A Walking Tour of Art Deco Miami


The visual identity of Miami Beach comes from the world’s largest concentration of art deco buildings, which are found in an area bound by Ocean Drive, Collins Avenue and Washington Avenue between Fifth and 23rd streets. This part of Miami Beach became a designated urban historic district in 1979.

Today, the art deco buildings that were spared the wrecking ball have been renovated and are now a major tourist attraction.

The neighborhood was born when automobile magnate Carl Fisher discovered the then-wild barrier island in 1910. Fisher looked at the mangrove forest-covered island and envisioned an American Riviera. Having bought a house here, he started talking up the charms of the place, spending a fortune developing and promoting the island. By the 1930s, it had become one of America’s chicest seaside resorts, with other developers building hotels and apartment houses in the then-fashionable art deco style. Many of these were designed by architects Henry Hohauser and Lawrence Murray Dixon, who established their own visual code based on streamlined curves, window “eyebrows” and a height restriction of three stories.

When the jet age launched the era of inexpensive travel, American vacationers started looking further afield. Miami Beach lost its allure as a resort town and became a low-budget retirement colony. Many art deco buildings were demolished or fell into disrepair. This changed with the historic preservation movement at the end of the 1970s, and when Miami Beach became a set piece for the wildly popular 1980s television show “Miami Vice.”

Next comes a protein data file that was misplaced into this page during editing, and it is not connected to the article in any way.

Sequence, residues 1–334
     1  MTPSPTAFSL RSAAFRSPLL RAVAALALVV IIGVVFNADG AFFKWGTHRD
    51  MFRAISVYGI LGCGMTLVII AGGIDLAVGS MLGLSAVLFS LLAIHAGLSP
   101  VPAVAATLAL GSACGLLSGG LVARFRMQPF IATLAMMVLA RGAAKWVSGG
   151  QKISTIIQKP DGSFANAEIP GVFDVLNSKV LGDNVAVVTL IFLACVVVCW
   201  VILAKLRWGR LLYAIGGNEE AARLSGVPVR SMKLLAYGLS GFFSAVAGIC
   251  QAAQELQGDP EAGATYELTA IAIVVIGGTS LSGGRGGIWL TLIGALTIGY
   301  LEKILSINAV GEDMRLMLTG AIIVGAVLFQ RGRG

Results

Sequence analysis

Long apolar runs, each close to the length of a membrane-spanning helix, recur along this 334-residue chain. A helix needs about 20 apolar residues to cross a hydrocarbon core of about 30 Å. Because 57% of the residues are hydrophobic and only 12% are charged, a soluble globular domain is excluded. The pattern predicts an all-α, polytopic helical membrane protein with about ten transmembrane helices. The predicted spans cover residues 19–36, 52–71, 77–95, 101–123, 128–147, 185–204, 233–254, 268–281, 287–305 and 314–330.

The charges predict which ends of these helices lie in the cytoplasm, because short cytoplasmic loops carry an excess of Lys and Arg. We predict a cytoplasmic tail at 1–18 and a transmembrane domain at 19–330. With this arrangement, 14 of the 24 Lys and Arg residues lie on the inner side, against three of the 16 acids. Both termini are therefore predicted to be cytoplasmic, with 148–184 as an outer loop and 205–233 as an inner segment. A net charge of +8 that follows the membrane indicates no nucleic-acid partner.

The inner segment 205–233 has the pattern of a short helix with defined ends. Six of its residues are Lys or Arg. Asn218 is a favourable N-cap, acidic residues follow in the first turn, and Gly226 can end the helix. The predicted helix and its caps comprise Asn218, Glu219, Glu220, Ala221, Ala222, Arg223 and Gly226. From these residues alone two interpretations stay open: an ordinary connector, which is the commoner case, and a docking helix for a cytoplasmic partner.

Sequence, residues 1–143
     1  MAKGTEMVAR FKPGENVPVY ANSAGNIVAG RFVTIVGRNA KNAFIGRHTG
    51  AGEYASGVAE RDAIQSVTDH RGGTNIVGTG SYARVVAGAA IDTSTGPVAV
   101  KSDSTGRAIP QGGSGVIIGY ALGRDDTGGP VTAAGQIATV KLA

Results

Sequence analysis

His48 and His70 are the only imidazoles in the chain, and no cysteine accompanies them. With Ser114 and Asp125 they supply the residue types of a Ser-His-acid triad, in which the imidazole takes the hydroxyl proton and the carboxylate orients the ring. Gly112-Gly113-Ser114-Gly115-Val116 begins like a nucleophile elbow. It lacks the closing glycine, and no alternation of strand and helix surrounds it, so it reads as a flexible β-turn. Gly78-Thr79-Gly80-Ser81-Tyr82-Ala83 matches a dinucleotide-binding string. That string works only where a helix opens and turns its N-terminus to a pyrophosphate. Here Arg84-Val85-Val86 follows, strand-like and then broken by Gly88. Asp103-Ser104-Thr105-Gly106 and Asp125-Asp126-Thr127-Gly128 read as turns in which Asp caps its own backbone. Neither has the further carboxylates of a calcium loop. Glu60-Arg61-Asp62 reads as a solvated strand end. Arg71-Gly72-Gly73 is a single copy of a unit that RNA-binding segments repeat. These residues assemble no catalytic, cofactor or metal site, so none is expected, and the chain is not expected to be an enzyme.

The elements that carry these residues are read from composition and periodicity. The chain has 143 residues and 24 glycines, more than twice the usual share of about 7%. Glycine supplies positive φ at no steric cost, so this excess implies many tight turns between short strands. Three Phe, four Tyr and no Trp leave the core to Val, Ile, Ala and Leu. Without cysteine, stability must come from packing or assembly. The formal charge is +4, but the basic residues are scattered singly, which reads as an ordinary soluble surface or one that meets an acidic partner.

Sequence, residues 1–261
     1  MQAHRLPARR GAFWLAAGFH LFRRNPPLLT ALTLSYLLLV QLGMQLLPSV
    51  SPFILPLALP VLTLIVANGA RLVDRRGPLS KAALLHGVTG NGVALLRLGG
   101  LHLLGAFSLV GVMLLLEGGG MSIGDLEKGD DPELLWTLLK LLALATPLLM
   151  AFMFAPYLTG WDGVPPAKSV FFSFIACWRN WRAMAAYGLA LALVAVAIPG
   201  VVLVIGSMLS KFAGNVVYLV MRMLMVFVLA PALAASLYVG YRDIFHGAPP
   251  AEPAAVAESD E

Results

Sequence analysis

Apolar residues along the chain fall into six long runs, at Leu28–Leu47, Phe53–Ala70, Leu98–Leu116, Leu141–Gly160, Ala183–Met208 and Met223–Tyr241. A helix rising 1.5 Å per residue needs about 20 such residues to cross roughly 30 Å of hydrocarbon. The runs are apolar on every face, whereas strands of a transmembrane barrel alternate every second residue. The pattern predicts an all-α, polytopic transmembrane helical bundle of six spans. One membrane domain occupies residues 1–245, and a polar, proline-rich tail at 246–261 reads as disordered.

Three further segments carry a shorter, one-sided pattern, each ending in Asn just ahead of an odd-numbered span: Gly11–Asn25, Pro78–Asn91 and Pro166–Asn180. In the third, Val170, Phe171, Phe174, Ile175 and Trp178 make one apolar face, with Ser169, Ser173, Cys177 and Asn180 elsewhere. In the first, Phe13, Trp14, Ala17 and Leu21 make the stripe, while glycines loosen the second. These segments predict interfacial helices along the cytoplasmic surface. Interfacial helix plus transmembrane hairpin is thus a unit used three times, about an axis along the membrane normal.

Today, the art deco buildings that were spared the wrecking ball have been renovated and are now a major tourist attraction.

The best way to discover art deco Miami is with a two-hour walking tour by Art Deco Tours, which we enjoyed on our last visit to the city. We met our guide, Christine Michaels, at the café in the Wolfsonian museum, and she introduced herself by saying, “I am Miami! My mother is from Ecuador, and my father is Polish. I represent the mosaic that is Miami.” Charming, lively and funny, she led an insider’s tour of some of South Beach’s most beautiful buildings that was both fun and absolutely fascinating, given her on-the-ground knowledge of every place we went. This tour of Miami Beach is a great way to learn that there’s a lot more to this storied beach town than just lying on a towel on the sand all day.


Read more about our editors' trips to Florida

By Hideaway Report Editor Hideaway Report editors travel the world anonymously to give you the unvarnished truth about luxury hotels. Hotels have no idea who the editors are, so they are treated exactly as you might be.